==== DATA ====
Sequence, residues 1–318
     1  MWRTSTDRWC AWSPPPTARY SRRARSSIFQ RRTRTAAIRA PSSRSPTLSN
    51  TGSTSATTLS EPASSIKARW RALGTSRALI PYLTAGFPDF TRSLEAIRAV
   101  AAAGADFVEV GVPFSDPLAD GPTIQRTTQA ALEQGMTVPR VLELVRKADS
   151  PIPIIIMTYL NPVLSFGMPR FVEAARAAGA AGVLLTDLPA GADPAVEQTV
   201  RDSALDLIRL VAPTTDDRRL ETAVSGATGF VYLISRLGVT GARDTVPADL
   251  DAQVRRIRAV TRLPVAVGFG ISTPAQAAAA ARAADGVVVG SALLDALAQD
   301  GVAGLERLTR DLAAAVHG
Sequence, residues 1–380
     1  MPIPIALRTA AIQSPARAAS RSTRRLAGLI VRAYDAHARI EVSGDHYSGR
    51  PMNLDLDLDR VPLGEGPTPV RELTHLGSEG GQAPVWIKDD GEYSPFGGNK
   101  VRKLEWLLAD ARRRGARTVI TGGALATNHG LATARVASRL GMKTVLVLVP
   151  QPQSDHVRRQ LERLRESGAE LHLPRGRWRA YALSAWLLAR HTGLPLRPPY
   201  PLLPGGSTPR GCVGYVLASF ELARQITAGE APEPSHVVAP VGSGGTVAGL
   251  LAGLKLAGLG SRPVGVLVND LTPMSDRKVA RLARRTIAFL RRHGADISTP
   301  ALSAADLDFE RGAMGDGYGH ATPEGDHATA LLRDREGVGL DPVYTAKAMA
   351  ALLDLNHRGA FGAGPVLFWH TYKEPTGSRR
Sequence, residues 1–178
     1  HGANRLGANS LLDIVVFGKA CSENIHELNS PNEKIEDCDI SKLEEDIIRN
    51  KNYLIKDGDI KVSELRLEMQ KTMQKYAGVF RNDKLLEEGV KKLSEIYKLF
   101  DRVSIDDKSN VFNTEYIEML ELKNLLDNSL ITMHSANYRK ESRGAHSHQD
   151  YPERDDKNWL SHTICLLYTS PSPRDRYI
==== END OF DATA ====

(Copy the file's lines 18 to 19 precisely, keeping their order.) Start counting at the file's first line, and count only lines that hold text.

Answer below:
Sequence, residues 1–178
     1  HGANRLGANS LLDIVVFGKA CSENIHELNS PNEKIEDCDI SKLEEDIIRN